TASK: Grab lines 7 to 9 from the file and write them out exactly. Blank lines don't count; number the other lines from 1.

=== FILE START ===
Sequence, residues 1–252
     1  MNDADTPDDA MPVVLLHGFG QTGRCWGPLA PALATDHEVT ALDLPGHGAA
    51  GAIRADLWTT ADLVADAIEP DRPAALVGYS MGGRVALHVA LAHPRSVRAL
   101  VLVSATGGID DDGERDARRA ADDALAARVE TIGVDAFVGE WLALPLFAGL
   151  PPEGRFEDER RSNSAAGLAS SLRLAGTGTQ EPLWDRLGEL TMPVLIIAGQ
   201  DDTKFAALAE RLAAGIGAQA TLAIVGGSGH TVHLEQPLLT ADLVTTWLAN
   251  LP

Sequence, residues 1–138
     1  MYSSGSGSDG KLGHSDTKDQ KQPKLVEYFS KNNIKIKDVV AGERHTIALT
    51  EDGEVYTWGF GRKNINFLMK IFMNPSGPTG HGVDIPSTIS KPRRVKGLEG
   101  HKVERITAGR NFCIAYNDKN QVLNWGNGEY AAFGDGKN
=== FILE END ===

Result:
   251  LP

Sequence, residues 1–138
     1  MYSSGSGSDG KLGHSDTKDQ KQPKLVEYFS KNNIKIKDVV AGERHTIALT